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 Post subject: MikeKyle analyses Hoshi, low approach, low 1 space pincer
Post #1 Posted: Thu Feb 14, 2019 4:52 pm 
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I posted a while ago about some komoku, high approach, low pincer patterns. I thought I'd do another deep dive and share it here again for a feeling of accountability.

Again, I'm aiming at:
  • Having fun trying to understand go better
  • Improve my instinct in the opening
  • Perhaps pick up some good habits (shape, fighting, positional judgement)

I'm investigating and writing primarily for my own benefit, but I'd be thrilled if anyone could offer suggestions, corrections, thoughts, or even if people just read and take something from it.
I'm going to look at the fairly common position:
Click Here To Show Diagram Code
[go]$$B
$$ | . . . . . . . . . .
$$ | . . . . . . . . . .
$$ | . . . . . . . . . .
$$ | . . . 1 . . . . . .
$$ | . . . . . 2 . 3 . .
$$ | . . . . . . . . . .
$$ | . . . . . . . . . .
$$ --------------------[/go]



I will stick to trying to consider some of these questions:

  • Black 3
    • When do professionals play black 3
    • When do AI (mainly ELFv1 unless i find a new toy) play black 3
    • Meaning in relation to other pincers
    • Meaning in relation to other choices
  • What happens next
    • What happens next in joseki books
    • what happens next in pro play
    • What happens next in AI play
    • What happens in special cases
    • What happens next in weak play
    • Can/should deviations be punished

But I've been looking at batch analysis of patterns arising in pro games, so maybe it will be centered around this.


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 Post subject: Re: MikeKyle analyses Hoshi, low approach, low 1 space pince
Post #2 Posted: Thu Feb 14, 2019 5:18 pm 
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I did some automated analysis with Elfv1. I think the whole board position is important, so I wanted to look at the patterns in the context in which they happen.

I sketched out the joseki I knew and a few more from books allong with a couple of new patterns and a couple of things i was curious about in an sgf. I created some scripts that do a pattern search to find board positions where these patterns get played and run them through Elf. All games used are 9p vs 9p games. It then taggs the sgf with some summary stats about what Elf thinks about the move accross the range of board positions.



I classified things as a mistake only if Elf thinks the win rate drops by more than 3%. iqr is the inter-quartile range ie. the central 50% of the data. Since I filtered down to 9p vs 9p games only, some of the patterns don't have so much data.
I was planning to use this as a starting point and have a closser look at the patterns where Elf has strong opinions.


Attachments:
HoshiPincerPatterns.sgf [21.46 KiB]
Downloaded 108 times

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 Post subject: Re: MikeKyle analyses Hoshi, low approach, low 1 space pince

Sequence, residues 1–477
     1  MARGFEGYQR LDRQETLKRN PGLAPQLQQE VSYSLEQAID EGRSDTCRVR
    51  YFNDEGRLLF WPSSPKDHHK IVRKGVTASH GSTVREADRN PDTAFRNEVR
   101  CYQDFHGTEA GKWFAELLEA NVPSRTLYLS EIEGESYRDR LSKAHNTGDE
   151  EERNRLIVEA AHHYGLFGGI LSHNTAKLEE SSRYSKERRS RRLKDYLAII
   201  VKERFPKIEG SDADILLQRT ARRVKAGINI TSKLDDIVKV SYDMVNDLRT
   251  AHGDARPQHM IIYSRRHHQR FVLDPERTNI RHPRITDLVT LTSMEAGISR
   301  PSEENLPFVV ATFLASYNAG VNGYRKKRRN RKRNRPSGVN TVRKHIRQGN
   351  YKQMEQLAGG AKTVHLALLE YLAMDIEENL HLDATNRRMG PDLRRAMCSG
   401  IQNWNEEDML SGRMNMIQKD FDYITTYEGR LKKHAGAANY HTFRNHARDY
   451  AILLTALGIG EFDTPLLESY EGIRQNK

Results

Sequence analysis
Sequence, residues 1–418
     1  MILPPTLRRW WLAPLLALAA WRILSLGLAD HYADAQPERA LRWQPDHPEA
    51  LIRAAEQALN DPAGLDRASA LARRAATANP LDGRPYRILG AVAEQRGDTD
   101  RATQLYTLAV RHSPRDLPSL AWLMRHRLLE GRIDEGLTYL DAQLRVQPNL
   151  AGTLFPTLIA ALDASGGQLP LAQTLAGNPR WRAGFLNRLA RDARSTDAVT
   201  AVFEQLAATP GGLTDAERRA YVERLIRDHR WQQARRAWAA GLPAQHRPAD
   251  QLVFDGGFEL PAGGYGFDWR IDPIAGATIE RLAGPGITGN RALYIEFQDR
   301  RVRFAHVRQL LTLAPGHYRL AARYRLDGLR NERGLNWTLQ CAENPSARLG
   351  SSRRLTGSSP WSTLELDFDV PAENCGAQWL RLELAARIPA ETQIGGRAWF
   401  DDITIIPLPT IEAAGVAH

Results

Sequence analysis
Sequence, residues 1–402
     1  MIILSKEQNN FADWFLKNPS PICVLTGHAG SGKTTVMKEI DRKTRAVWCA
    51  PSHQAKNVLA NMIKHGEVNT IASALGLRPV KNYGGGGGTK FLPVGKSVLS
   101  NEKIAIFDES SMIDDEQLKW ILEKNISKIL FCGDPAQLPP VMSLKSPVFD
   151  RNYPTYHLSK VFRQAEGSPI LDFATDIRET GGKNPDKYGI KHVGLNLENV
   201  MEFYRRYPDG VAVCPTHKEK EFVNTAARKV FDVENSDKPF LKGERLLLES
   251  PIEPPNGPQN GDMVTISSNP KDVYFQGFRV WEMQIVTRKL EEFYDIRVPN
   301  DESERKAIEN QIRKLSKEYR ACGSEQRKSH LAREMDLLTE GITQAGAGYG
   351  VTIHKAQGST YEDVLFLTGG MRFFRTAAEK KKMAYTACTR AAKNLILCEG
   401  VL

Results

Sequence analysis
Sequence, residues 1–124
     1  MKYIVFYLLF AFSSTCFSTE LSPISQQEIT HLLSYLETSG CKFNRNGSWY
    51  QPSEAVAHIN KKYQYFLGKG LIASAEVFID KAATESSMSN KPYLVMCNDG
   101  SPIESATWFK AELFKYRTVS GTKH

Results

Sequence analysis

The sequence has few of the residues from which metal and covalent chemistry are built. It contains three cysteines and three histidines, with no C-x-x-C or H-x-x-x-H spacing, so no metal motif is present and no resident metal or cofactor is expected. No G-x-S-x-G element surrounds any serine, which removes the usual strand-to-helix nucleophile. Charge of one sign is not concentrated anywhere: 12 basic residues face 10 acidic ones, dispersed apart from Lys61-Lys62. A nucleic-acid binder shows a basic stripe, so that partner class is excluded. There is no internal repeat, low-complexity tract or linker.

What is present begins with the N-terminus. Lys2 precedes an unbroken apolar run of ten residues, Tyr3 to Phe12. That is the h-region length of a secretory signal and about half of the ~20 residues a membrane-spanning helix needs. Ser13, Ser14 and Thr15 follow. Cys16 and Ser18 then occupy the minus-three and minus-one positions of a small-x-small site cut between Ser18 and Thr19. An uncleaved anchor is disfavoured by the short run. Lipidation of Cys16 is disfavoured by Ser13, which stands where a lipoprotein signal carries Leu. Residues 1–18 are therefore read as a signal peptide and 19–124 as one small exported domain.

Post #3 Posted: Fri Feb 15, 2019 5:52 pm 
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There's one modern trend here that is very stark and certain and I don't think I really feel i properly understand. Maybe a stronger player could help me see?

In this shape:
Click Here To Show Diagram Code
[go]$$B
$$ | . . . . . . . . . .
$$ | . . . . . . . . . .
$$ | . . . 7 . . . . . .
$$ | . . 6 1 . . . . . .
$$ | . . 4 5 a 2 . 3 . .
$$ | . . 0 8 9 b . . . .
$$ | . . . . . . . . . .
$$ --------------------[/go]


a has disappeared and b has replaced it.
It seems that Alphago did this in one of the master online games, and I remember it being in the teaching tool, and it's taken off since then. I still expected that it might depend on the whole board and that a might still be appropriate, but it looks like Elf1 thinks that a is always a mistake of at least around 5% (usually about 9%). b is apparently never a mistake in my sample of positions. Pros seem to agree - in my filtered down 9p vs 9p search the pattern with b appears only 7 times before 2017 (starting in 1961 with Go Seigen of course) but then appears 25 times in 2018 alone, whilst the pattern with a is down to only 3 times in the year.

I understand that playing at a leaves white with the move at b to start an attack on the wall, but is that really so bad when the pincer is tight? if it's dangerous then black can connect on top right? looking at the Elfs projected sequences, the AI seems to cash in on the aji fairly soon by just playing a move on the lower side, but surely you concede a lot of forcing moves on the lower side with b too? It seems that both choices leave behind aji/forcing moves, and in any choice like this there is going to be a trade off, but does anyone feel they have a good handle on why humans used to unanimously think that a offered the better deal and now think b does?


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 Post subject: Re: MikeKyle analyses Hoshi, low approach, low 1 space pince
Post #4 Posted: Sun Feb 17, 2019 10:05 am 
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It always struck me that playing at 'a' looked like particularly bad shape when 'b' was available. It might be as simple as not making the empty triangle being a more efficient way to do the same thing (maintaining/increasing liberties for example).

My slightly more in depth undertanding of it is this, presuming some other stuff happens elsewhere on the board white might have the chance to play like this, black has to play 3 to separate the white groups and then comes under attack: